Our recent study on molars indicated that the mesial FEDs (1.04 mm and 0.9 mm) were the widest, followed by distal (0.99 mm and 0.67 mm) and buccal (0.74 mm and 0.63 mm) furcation. Furthermore, an interesting finding was that 63% and 62% of all FEDs in both maxillary and mandible second molars, respectively, are narrower than 0.75 mm, which is the narrowest blade width of new curette [2,5]. This result suggests that most of the Chinese teeth are at high risk for continued periodontal breakdown because of the difficulty in gaining access to most furcation with standard scaling (mean of ultrasonic scaling tips=0.56 mm ) and root planning instruments (dimension of working end of curettes between 0.75 mm and 1.1 mm).
The present study found that FED-1 occurred more frequently in second molars than in first molars, in particular, at the buccal furcation sites of maxillary molars and mandibular second molars. It also confirmed the previous reports published by investigators [2,13,26]. Neither of them actually provided the relationship between FED and RTT and its association with molars of Class III FI.
This study is the first to describe the morphology of FED together with RTT associated with advanced molar FI by arch types. In monitoring, the grades of furcation entrance together with the type of root trunk are closely associated with the variations of molar teeth affected by class III FI. It is obvious that majority of FED-3 and RTT-B are at the mesial and distal furcation sites of the maxillary first molars as well as the majority of FED-3 and RTT-C are at the second molars. At the buccal and lingual furcation sites of the mandibular first molar, FED-3 and RTT-A were the most prevalent, whereas FED-1 and RTT-C (highest risk root shape, Figure 1c) were the most prevalent at the mandibular second molar (Table 3). Results suggested that molars extracted with class III FI appear to be with narrower FE and longer RT in the mandibular second molar than in other molars.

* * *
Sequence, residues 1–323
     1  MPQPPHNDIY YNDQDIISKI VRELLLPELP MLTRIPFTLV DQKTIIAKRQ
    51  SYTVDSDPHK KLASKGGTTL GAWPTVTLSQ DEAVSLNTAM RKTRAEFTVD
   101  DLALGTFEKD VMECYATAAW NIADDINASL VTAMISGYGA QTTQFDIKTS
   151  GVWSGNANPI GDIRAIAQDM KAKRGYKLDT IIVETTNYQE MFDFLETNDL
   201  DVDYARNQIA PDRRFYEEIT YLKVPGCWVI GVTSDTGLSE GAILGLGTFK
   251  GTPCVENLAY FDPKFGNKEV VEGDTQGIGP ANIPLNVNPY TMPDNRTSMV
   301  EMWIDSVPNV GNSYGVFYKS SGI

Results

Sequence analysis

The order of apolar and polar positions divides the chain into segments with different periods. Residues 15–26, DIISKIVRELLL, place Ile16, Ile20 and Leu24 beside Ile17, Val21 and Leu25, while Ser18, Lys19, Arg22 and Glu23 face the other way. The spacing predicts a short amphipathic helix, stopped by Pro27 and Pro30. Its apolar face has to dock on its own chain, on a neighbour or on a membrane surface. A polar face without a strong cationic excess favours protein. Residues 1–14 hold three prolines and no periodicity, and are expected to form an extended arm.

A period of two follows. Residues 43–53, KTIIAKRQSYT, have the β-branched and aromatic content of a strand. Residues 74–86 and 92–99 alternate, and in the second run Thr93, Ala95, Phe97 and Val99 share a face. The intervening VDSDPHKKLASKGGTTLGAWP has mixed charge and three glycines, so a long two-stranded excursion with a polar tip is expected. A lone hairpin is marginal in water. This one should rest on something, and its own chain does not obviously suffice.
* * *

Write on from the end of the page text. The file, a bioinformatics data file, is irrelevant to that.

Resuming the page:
The present study revealed that majority of harvested second mandibular molars was detected in both buccal and lingual furcation having a long RTT and a narrow FED (RTT-C+FED-1, Table 3). This finding disclosed that these molars with this type of root topography might be associated with a risk factor which predisposed molars to severe furcation involvement. Still have some hopeless maxillary molars affected class III FI, these characterizing as having wide FED together with longest RTT located at the mesial and distal furcation sites. This is interesting whether different topographies are associated with the region’s inaccessibility to cleansing the associated with the region’s the microbial plaque by mechanical plaque control at both mesial and distal furcation sites need to be clarified. Exception to this notion was found in maxillary second molars (buccal furcation).
In this study, another interesting finding was the presence of limited molars, affected by Class IIII FI, with short RTT and wide FED on extracted teeth which required extraction for periodontal therapy, especially in the mandible first molars (13 teeth), as compared to other molar types.